And like that, all my hopes for True Blood finding a second wind in the post-Alan Ball years have slipped away like drops of blood in the third act of The Shining. This is not to say that the series is as bad as Season 5. No, it is just as clear as faerie light that the show will never recover from the Lilith episodes. Which is ironic, as the Lilith storyline was one of the few saving graces in this week’s jumbled mess of a television program.Clearing the air right off the bat, Terry Bellefleur is dead. At least as dead as someone can appear to be on a show about corpses and the blondes they bang (yes, that happens too). And I’m upset to see him go. Not just because I always liked Terry, who is played with a quiet and affable dignity by Todd Lowe…but because of how they sent him off in such a contrived and poorly handled way. They killed off a lovable character in an insulting fashion, but it is not even the worst part of the episode.Nope, let’s start with why the show is jumping into the belly of a shark (note: INTO), but unlike Jonah, or even Geppetto, and those aquatic beasts, there seems of little hope of climbing out.Sookie. In Season 5, the writers didn’t really seem to know what to do with Miss Stackhouse. Perhaps it was because Paquin was pregnant during filming or maybe, due to the character’s habit of just sleeping with each pair of fangs that walks through her door, she had become repetitive. In any event, she was a bit of a non-entity.Several weeks ago, we witnessed Sookie take action to protect herself from the clutches of Warlow, the mysterious ancient vampire who killed her parents and was coming for her. Well, last week that all went to pot when Sookie discovered that her parents WERE PLANNING TO KILL HER to keep her safe from Warlow (wrap your minds around that for me) and then Ghost Dad decided to posses Lafayette to finish the job.When this episode opens, Sookie cannot even save herself from being drowned by a clumsy spirit, despite having the full function of her body. She is saved by…wait for it…Bill. Well not quite. I would take Bill over what happens. Sensing that Sookie is in trouble, Vampire Bill, despite vowing that Sookie was dead to him, sends his new progeny, Warlow (thank you Lillith blood!) to go save Sookie in the daylight. Luckily Warlow is soft enough on LaStackhouse for Sookie to explain the situation. Warlow banishes Papa Stackhouse from Lafayette’s body and then sweeps Sookie off her faerie feet. Not before Bill summons him back. However, even though Warlow only knew to save her because of Bill, Sookie is still convinced that Bill is the devil or some such nonsense and “rescues” Warlow, as he had saved her life twice now. Like a fanged Prince Charming.Once their powers combine to make mystical Faerie Planet a possibility, Sookie spends the rest of the episode in a meet-cute scenario with the real Warlow. She thanks him for saving her from her no-good-dirty-rotten-bastard-parents and he apologizes like a gentleman that she had to learn of her parents’ shortcomings in such a grotesque fashion. Around this time, it slowly dawns on me that this is actually supposed to be a shipper episode. The intent is for us to root on these wild and crazy kids, despite the impossible odds! Sookie is not taking control of her life and destiny…she’s getting ready to bang yet another fang.Why? Because he saved her life and says he has been looking for her for over 5,000 years. She is his soul mate. He convinces her of his nobility because he is disgusted by what he was forced to become thanks to Lilith and promises that if she became his fellow vampire, they could live forever in the daylight without ever having to kill. They’d simply feast on each other’s fae magic.Sookie has been burned twice now by vampires. Bill had the 19th century Southern gallantry thing (plus the way he says “Suuhkeehhh” is still kind of great) and Eric was the Nordic Viking bad boy with a heart of gold only she could see. What does Warlow have besides a self-loathing complex that makes Bill look like a hellraiser? Oh well. By the end of the episode, clothes are off and Sookie is not only letting Warlow drink her blood, but she drinks from him while they have sex. Will she become his vampire lover? Who knows; who cares. The show still works in places, but it has become clear that Sookie Stackhouse will no longer be in those spots. As a character, all she can do anymore is be rescued and take off her clothes. Otherwise, she is kind of dead in the way of narrative.Speaking of dead narratives, let’s get back to Terry. All season, he has been kind of glum, which is a surprise. After being so happy and well adjusted during the middle seasons, succeeding to manage his PTSD thanks to the love of a good woman in Arlene, he entered a funk when a contrived plot thread from the past in one Scott Foley walked into his life. He killed Foley’s character for the right to live with his family and find peace. But he decided to kill himself this year because…um, the producers could not figure out what to do with him? For some reason, I expected the writers to get out of this corner. But it wasn’t until Terry got glamoured, the first clever thing to happen to his storyline this season, that I realized he was a dead man walking.When Arlene confides in Holly that she worries Terry is going to commit suicide, Holly helpfully suggests that they have a vampire glamour Terry into forgetting his troubles. “Holy shit,” gasps Arlene with a stunned laugh. “Of course, I wasn’t even thinking straight. Of course that’s the answer!” Line of the night.Ergo, Holly has one of her friend’s husbands, who is a vampire, come over and glamour Terry into forgetting about the Iraq War and all his worries. Faster than you can say hakuna matata, there are no worries on Terry’s face and all is well. He goes to work like a happy employee and dotes on his loving wife. I’m sure he was grinning right up until the gunman put one in his neck. The gunman who he forgot that he asked to kill him. Arlene comes out to sing “Hush, Little Baby” and I think we were supposed to be sad. And I was sad; sad for a show that thinks it is being shocking when it lays out the groans like this. Not every character death can be Red Wedding/George R.R. Martin goodness, but at least something on the level of Godric or Gran, who were both only on the show for a few episodes, should not be out of the question. Terry is an old lovable favorite background player, but his death was so strained that all I could think as it was happening is ponder whether I should give this episode 1 or 2 stars.Fortunately, there is Billith’s storyline. In the surprise twist of the year, Billith, the mind numbingly awful cliffhanger from Season 5, may become the season’s MVP. After realizing Warlow is off discovering Sookie’s inner-glow, Bill sedates himself into a light coma for a counseling session with Lilith. She is bored with his whining and sends him back empty handed. Thus, he decides to throw away all this annoying crap and do what any vampire should have done weeks ago: Kill the governor.Billith ingests what’s left of Warlow’s blood and goes on a rampage in the daylight hours. After giving an armed salute to Governor Burrell’s bodyguards, Vampire Bill and Governor Burrell have a little heart-to-heart. The gov. took Bill’s daughter, Jessica, when he kidnapped her. Burrell squeals back that vampires took his when they killed his daughter (who is still perfectly fine and locked up downstairs). What are these two big nuts going to do? Turns out they are going to butt heads, because Burrell doesn’t want to tell Bill where the camp is and Bill doesn’t want Burrell’s skull attached to his body. In a truly bloody brilliant moment, Burrell cries as Bill begins to bite at his neck, “Cut off a head, another will grow in its place.” Bill then obliges by literally ripping off the governor’s head with his teeth. “THEN I’LL RIP THAT FUCKING HEAD OFF TOO!” Bill cries to Burrell as if he was in a George Romero adaptation of the Poor Yorick scene. Beautiful.Too bad Bill didn’t wait to, you know, glamour him for information about where the camp was located. Because the governor’s will is still being done. It was announced earlier in the episode that he had partnered with the manufacturers of Tru Blood to get the synthesized good stuff back on the streets. Remember that random scene from the first episode? Well, here’s the payoff.It is learned this week that the governor and his camp have created what can best be described as part Vampire AIDS and part Vampire Ebola. A truly horrifying STD that is meant to exterminate the vampire race, which they lovingly dubbed “Hepatitis V.” We learn all this because the governor had it injected into Eric’s sister, Nora.In what amounted to a cliffhanger fakeout last week, the governor’s attempt to turn Eric and Pam into Spartacus and Varro backfired spectacularly when they killed their guards instead. Rather than having them executed, the governor pulls a Bond villain and has them escorted away. I would have dinged him right here for that, but he then pops up later to seemingly inject Nora with a fatal disease before a horrified Eric.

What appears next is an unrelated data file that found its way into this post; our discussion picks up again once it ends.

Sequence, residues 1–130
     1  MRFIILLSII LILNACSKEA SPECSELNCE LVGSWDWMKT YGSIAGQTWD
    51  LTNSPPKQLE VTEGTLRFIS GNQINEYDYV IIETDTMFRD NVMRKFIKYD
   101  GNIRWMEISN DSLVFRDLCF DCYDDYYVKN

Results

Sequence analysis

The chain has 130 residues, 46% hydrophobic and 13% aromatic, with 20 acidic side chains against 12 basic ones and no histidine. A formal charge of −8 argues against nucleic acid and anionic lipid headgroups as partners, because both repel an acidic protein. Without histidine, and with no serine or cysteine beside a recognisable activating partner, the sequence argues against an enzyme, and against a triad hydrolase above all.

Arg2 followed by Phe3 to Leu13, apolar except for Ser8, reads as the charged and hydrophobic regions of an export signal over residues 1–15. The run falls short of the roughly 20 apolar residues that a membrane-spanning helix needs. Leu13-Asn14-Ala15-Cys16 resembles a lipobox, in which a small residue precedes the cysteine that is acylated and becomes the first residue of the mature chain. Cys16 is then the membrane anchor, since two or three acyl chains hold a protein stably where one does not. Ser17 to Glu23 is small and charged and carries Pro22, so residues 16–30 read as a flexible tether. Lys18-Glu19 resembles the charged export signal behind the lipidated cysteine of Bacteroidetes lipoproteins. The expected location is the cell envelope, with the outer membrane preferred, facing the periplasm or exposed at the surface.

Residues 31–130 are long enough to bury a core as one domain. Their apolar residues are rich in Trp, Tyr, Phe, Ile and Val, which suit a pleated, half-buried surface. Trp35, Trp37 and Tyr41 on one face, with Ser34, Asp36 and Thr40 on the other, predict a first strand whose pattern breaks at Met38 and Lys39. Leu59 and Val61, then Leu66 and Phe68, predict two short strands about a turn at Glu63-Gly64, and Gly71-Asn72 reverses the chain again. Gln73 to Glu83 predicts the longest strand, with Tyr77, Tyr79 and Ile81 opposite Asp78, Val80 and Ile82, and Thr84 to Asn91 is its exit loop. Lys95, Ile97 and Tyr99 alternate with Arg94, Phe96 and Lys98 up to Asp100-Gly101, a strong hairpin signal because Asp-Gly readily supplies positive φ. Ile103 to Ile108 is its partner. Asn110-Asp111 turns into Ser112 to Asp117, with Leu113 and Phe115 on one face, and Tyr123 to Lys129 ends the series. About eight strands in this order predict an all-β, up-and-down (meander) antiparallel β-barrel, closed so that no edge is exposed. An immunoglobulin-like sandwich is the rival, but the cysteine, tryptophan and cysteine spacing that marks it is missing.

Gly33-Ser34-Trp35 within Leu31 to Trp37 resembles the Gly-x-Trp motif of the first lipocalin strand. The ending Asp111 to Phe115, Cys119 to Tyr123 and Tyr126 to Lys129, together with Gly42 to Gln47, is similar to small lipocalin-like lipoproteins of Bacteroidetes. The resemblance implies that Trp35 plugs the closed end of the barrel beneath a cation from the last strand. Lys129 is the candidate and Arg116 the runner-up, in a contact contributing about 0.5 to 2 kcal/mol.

Eric responds by summoning Willa, whose escape is so nonsensical that the show doesn’t even bother to show how it exactly happened onscreen—and thus I shall not bother trying to rationalize this plot hole. Once Willa is by his side, he attempts a daring evacuation with his new progeny and sickly Nora while searching for Pam, Jessica and Tara to join them on their quest. But in one of the episode’s final cliffhangers, he stumbles upon the governor’s Tru Blood distillery and realizes that each bottle is being squirted with the awful stuff coursing through Nora’s blood. Ruh-roh.Overall, the episode could be easily summed up as when a vampire (excluding Warlow) was on screen, it worked. When any other character was onscreen, the wistful sound of a deflating balloon could be heard in the distance.It is a shame that True Blood appears to be squandering yet another solid season of build-up. The vampire angle is still interesting, and I do wonder how Eric may save Nora and stop the late governor’s nefarious schemes. Yet, I want to skip the rest of it, including Terry’s funeral.I like Terry. Even in the show’s worst seasons, his tortured PTSD giving way to hard-earned recovery was a gratifying background plot that should have been left alone. If the writers and producers are really so tired of the character (or lazy) and cannot come up with a new plot thread, please send him off like Hoyt. Or Godric. Just do not kill him off like this is “Days of Our Lives: Bon Temps.”Much of the rest, including Alcide threatening Sam to never show himself in his hometown again, feels tacked on and like wheels are spinning. I still don’t trust Warlow. He likely has an ulterior motive that Sookie will be upset to learn in a week or two. But it doesn’t matter, because that is the exact same story of Bill Compton. It’s just being told very quickly, like being hit with a dozen hammers at once is somehow preferable to being hit with them one-at-a-time.Honestly, the twists of Eric and particularly Bill’s storylines saved this week from being a total wash. But I still wish that I could have Holly’s friend make me forget all the pain of the last hour.Den of Geek Rating: 2 out of 5 Stars (thank Billith for it being so high)